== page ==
Why trust one poll over the other? Voter screens are a pretty good reason. Monmouth assumed a smaller turnout of about 140,000 Iowa caucus-goers. That would actually represent a record-high turnout of Republican participants — 121,000 turned out in 2012, and 119,000 showed up in 2008.
The looser the screens, it seems, the more Trump voters get into the final samples. Take this important nugget from the Monmouth poll, one that should be instructive in identifying just who makes up Trump’s base: Among the voters who say they are not Republicans, but that they are likely to attend Republican caucuses, Trump leads with 30 percent. Among the 70 percent of Monmouth’s survey who say they are Republicans, Trump’s support is half that high.
Every candidate says he or she can change the makeup of the electorate to bring out new, low-performing voters. The truth is, that almost never happens.
Majority Back Troops to Middle East
A majority of Americans say they favor sending ground troops to fight the Islamic State in the Middle East, a handful of new polls show, while a significant majority say they disapprove of the way President Obama is handling the terrorist group.
Fifty-six percent of voters said they support ground troops in Iraq and Syria, according to a Morning Consult poll conducted after the attack in San Bernardino, including majorities of both Democrats and independents. A similar 53 percent told CNN/ORC pollsters they favor sending U.S. troops to fight before the shootings in California.
Before President Obama’s address to the nation on Sunday, big majorities said they disapprove of the way he’s handling the Islamic State (64 percent), terrorism (60 percent) and foreign affairs (57 percent).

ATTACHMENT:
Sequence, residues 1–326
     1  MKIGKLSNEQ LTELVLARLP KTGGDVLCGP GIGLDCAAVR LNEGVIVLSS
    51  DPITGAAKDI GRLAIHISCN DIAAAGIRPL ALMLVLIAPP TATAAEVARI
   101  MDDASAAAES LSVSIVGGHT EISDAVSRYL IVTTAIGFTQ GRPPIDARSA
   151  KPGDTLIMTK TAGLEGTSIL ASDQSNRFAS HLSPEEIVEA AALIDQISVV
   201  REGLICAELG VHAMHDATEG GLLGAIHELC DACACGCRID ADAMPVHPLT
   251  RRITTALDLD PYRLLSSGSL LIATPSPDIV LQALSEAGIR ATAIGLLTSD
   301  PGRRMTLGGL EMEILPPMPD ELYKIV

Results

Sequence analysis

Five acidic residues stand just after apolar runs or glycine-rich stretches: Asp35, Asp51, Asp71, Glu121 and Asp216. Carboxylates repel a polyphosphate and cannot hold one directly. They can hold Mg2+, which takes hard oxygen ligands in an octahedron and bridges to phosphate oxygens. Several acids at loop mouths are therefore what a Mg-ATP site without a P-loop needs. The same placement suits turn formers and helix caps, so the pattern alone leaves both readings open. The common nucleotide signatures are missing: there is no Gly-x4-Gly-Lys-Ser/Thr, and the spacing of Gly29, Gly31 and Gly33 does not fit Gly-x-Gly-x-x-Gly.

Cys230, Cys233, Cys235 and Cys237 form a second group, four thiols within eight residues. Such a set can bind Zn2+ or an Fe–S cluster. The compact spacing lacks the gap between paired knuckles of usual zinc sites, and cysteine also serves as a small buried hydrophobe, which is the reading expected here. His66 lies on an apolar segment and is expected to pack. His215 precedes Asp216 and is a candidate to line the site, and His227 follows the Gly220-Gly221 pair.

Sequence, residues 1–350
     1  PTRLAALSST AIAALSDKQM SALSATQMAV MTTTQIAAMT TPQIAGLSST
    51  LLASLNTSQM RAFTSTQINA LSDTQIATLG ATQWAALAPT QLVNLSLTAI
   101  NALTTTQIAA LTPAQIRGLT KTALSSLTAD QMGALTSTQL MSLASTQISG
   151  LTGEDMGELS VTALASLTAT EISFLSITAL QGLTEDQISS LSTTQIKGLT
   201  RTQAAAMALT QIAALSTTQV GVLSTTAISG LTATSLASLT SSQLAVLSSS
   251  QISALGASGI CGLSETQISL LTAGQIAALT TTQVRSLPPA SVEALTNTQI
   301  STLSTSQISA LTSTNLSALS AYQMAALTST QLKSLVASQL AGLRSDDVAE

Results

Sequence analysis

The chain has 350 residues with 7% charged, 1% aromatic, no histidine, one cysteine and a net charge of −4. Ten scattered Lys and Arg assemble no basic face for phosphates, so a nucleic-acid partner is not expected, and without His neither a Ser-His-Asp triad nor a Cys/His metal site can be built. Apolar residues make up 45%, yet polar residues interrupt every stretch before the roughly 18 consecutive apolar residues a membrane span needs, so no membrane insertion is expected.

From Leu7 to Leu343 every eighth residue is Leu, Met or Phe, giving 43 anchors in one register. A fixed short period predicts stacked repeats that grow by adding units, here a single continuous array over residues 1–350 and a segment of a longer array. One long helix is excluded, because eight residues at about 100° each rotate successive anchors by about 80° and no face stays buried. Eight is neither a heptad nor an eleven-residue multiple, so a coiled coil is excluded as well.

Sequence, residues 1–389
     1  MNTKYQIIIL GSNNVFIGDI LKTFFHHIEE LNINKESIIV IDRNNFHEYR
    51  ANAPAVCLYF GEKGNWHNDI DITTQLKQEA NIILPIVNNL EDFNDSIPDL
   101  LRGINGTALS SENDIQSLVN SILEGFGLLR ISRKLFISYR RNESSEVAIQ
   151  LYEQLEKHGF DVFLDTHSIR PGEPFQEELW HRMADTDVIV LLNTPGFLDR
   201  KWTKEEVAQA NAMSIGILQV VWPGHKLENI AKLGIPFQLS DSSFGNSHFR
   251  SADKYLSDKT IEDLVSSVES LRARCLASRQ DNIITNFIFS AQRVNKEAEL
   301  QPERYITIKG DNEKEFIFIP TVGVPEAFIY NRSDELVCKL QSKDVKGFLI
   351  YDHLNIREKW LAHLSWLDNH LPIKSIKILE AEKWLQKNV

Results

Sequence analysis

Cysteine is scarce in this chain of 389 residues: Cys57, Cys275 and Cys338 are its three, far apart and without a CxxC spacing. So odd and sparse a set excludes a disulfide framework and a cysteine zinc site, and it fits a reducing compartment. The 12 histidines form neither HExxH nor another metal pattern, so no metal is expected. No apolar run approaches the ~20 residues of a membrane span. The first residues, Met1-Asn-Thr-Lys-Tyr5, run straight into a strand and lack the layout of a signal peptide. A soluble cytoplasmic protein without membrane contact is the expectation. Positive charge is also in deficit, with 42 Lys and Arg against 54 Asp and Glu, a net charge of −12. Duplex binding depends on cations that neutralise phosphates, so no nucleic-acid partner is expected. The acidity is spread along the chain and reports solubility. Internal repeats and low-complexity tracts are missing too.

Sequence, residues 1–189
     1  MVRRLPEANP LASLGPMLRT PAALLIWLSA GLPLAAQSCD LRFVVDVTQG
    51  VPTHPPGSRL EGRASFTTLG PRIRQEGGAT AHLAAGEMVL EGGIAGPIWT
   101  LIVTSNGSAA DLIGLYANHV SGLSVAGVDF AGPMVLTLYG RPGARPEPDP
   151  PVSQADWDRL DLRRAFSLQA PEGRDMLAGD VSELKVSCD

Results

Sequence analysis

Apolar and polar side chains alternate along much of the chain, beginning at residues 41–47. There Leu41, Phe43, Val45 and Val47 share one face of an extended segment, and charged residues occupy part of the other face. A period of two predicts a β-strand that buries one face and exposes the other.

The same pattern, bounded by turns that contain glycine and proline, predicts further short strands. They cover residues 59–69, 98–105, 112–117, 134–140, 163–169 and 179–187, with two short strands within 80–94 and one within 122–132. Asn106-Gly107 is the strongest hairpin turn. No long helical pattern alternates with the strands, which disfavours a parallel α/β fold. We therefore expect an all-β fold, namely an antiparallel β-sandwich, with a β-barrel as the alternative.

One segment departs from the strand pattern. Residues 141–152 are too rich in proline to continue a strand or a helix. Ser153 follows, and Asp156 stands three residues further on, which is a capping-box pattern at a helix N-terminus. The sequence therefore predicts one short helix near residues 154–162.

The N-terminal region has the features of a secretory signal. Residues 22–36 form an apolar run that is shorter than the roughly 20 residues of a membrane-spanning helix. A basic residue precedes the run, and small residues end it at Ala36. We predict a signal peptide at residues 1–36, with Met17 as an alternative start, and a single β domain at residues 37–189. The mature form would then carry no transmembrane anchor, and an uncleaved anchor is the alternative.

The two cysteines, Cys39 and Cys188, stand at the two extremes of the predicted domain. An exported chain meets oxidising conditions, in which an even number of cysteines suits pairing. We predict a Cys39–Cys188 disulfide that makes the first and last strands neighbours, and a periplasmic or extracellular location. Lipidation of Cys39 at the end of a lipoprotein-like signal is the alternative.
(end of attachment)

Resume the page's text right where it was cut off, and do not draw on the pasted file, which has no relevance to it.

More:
Approve of Obama handling ___? App Dis Islamic State 33% 64% Terrorism 38 60 Foreign affairs 40 57
The $24 Vote
Candidates running for U.S. Senate seats, and the outside groups hoping to influence those races, spent almost $1.1 billion in 2014, 25 percent higher than was spent on races in 2010. But just 44 million people cast votes in those races in 2014, which equates to about $24 spent per vote. House races weren’t as expensive; candidates and outside groups spent $14.05 per vote, about the same as previous years, Pew found.
This year, 1,260 super PACs registered with the Federal Election Commission had raised $313.5 million as of the last reporting period.
November Showers, December Flowers
Consumers tend to spend more as the year draws to a close, thanks to holiday shopping season. And this year, consumers say they’re spending more than they did during the recession, a promising sign for a strong economic December.
Consumers told Gallup they spent an average of $92 per day in November, slightly lower than the $95 they reported spending in November 2014. But that figure is much higher than the $73 they spent in 2012 and $71 spent every day in November 2011. Average consumer spending has risen between three and ten dollars a day between November and December in recent years, Gallup’s data show.
Three-quarters of American households have a subscription to a broadband internet service, Census data shows, but there’s a big gap between wealthier and poorer homes. A new Brookings report shows nearly 89 percent of households that make over $50,000 a year have broadband access, compared with just 46.8 percent who pull in less than $20,000 a year.
The report finds the metro areas with the highest share of broadband access include: San Jose (88.2 percent), Anchorage (86.6 percent), Bremerton-Silverdale, Wash. (86.5 percent), Boulder, Colo. (86.1 percent) and Iowa City (86 percent). Laredo, Texas has the lowest share of broadband households, at just 56.2 percent. McAllen, at 58 percent, is the only other metro area where fewer than six in ten homes are connected.
Just For Fun
The vast majority of voters say they believed in Santa Claus at one point in their lives. But almost two-thirds of voters, 63 percent, said they stopped believing in jolly old Saint Nick between the ages of 6 and 10 years old. Nine percent of registered voters — the happiest 9 percent, we’re guessing — never stopped believing in Santa at all. Republican men were the most likely to figure out the whole Santa scheme at an early age, while a disproportionate number of voters in the Northeast said they believed in Santa until they were older than 11.
Approximately when, if at all, did you stop believing Santa Claus exists?